The beginning of McCartney's later day career renaissance

Bob Dylan in a recent interview has said there's really only one person in music today that to him is absolutely stunning. That person, naturally, is Paul McCartney. ""I'm in awe of McCartney. He's about the only one that I am in awe of. He can do it all. And he's never let up... He's just so damn effortless." (Taken from a Rolling Stone interview from summer 2007).

High praise from someone so iconic as Bob Dylan. The last ten years for both McCartney and Dylan have proven them to be the most interesting artists of their generation currently recording. Over the last decade, both Dylan and McCartney have had a massive resurgence in their careers. While each are following their own idiosyncractic paths, both have proven themselves to have remarkable fertile songwriting during this stage in their careers.

And here's the trick. Both are the best at what they do. Sure, you can't imagine Paul McCartney being able to pull of the effortless aural history lessons in songs Dylan has been doing, each steeped in the American tradition and that "Old, Weird, America" of the Anthology of American Folk Music. Come on, could Paul really write "Nettie Moore", "Ain't Talkin'", "Mississippi", "Things Have Changed," "Tell Ol' Bill", or the masterpiece "Cross the Green Mountain"? But then again, you can't see Dylan writing the effortless melodic pop masterpieces McCartney written in FLAMING PIE, DRIVING RAIN, CHAOS & CREATION IN THE BACKYARD (one of my favorite albums of the 2000s), or MEMORY ALMOST FULL.

When FLAMING PIE hit the stores in 1997, four years separate it from McCartney's previous studio offering, OFF THE GROUND. A lot happened during those four years, namely, The Beatles multi-media project THE ANTHOLOGY. The ANTHOLOGY was a massive undertaking, resulting in three double albums of outtakes, a massive coffee-table book that really is one of the definitive resources for us Beatles nuts, and then the hours long documentary as well. Anything like that may get you thinking McCartney would really be in a reflective mood about mortality and unusually somber. Well, not really (the somber, reflective McCartney would come out in his 2005 masterpiece CHAOS).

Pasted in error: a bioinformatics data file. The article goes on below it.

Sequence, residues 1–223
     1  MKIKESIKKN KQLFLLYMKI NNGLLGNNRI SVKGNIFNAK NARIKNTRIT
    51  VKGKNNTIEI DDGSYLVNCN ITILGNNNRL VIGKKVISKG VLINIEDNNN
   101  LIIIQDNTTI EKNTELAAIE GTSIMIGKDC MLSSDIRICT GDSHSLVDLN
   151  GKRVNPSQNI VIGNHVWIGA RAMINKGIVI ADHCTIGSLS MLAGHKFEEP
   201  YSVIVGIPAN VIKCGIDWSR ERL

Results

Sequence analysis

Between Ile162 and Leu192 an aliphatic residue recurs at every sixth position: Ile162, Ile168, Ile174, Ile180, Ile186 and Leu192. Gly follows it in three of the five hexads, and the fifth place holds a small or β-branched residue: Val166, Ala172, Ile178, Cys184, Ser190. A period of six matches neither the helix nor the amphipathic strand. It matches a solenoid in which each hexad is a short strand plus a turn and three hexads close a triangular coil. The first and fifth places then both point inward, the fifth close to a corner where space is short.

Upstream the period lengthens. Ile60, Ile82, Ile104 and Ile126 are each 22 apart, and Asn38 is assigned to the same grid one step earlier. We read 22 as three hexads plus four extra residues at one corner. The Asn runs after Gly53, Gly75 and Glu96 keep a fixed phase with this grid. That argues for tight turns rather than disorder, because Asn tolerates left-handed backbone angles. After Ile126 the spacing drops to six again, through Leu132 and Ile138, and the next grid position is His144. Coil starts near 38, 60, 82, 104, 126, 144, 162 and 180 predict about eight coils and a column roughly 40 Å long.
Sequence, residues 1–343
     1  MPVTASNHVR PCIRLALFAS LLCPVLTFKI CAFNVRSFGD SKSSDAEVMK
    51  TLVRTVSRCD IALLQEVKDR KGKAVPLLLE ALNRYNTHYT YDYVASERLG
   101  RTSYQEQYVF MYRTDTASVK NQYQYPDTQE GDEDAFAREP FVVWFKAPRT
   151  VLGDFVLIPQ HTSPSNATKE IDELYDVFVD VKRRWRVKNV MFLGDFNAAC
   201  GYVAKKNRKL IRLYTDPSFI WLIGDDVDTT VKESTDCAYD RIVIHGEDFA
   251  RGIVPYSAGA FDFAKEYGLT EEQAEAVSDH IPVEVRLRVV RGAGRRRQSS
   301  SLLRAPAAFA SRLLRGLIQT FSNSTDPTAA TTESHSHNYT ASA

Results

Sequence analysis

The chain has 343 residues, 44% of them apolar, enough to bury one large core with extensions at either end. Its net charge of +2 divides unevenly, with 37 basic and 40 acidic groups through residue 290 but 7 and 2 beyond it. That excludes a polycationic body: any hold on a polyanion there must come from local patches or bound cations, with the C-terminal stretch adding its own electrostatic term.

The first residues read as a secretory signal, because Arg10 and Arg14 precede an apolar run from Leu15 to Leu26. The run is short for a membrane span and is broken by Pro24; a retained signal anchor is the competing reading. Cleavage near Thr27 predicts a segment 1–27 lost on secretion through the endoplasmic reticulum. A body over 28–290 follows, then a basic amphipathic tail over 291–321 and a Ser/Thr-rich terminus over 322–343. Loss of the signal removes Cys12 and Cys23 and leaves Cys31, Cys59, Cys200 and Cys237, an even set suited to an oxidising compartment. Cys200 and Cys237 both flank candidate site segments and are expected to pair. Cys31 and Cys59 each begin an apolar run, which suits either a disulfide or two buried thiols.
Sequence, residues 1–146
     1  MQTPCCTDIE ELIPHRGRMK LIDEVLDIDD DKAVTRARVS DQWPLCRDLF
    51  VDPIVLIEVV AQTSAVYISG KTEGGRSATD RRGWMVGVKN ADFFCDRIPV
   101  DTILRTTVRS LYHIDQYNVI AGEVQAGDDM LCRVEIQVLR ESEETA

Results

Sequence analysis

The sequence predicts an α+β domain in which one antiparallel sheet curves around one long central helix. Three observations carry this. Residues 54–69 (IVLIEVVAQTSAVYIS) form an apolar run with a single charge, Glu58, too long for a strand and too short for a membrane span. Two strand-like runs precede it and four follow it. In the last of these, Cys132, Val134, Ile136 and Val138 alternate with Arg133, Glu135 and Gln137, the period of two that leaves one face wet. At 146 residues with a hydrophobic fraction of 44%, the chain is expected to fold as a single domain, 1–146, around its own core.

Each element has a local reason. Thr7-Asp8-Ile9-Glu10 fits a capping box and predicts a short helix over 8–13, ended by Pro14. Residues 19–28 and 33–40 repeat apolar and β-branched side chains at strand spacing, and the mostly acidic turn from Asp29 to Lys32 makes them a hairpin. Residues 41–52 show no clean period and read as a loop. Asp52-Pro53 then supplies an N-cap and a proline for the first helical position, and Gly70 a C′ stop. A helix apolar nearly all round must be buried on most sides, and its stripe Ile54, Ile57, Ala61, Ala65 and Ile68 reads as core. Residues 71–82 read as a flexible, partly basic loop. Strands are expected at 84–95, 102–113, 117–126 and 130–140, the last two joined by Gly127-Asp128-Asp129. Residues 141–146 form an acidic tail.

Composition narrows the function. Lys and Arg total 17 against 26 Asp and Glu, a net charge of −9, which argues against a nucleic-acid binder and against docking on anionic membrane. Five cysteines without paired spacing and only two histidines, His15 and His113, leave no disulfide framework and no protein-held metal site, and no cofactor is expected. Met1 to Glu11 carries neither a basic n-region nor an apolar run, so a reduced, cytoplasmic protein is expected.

Instead, according to the liner notes, the Anthology project would be a refresher course on how to construct a well-made song. And FLAMING PIE is full of such songs. According to Wikipedia, "McCartney sporadically recorded the entire album in a space of two years, working not only with Lynne, but with Steve Miller, George Martin, Ringo Starr and his own son, James McCartney, who plays lead guitar on "Heaven on a Sunday". "Calico Skies" and "Great Day" both hailed from a 1992 session, recorded even before Off the Ground had come out." McCartney recorded the album in the space of two years.

The album is really a return to the basic sensibilities that produced records like MCCARTNEY. The music, while carefully considered, doesn't get bogged down in rather pretentious production styles. It's carefully produced, but the music has much more of a live feel to it. While there are a couple of sore spots (the collobaration with Steve Miller always strikes me as generic 1970s rock), this is an album I find myself returning to again and again. It's that good. "Flaming Pie", the song, is just a basic rock and roll song, and while it's drawn from the Lennon story about the man on the flaming pie telling him in a dream they shall be The Beatles with an A, the song's one of the poorer ones on the record. But the rest is great, whether it's the Beatles send up "Song We Were Singing" (one of Paul's best, and just makes you smile), his refletive ballads, or just gorgeous orchestration. McCartney has always been amazing with melodies, and this record has it in spades.

Buy it. The last ten years have made both Bob Dylan and Paul McCartney extraordinarily more relevant than you could hope for if you followed their careers in the 1980s (especially Dylan). And don't worry. McCartney only gets better from this starting point in his discography. Make sure you pick up his other studio albums post dating this - there just as good, and in some cases (CHAOS), better.

McCartney has proven himself to be truly remarkable, and he has released some of his strongest music of his solo career in 1997-2007. He has proven himself remarkably consistent in the following releases. This is the starting point for his new critical revival, but thank God and thank love this isn't the ending point.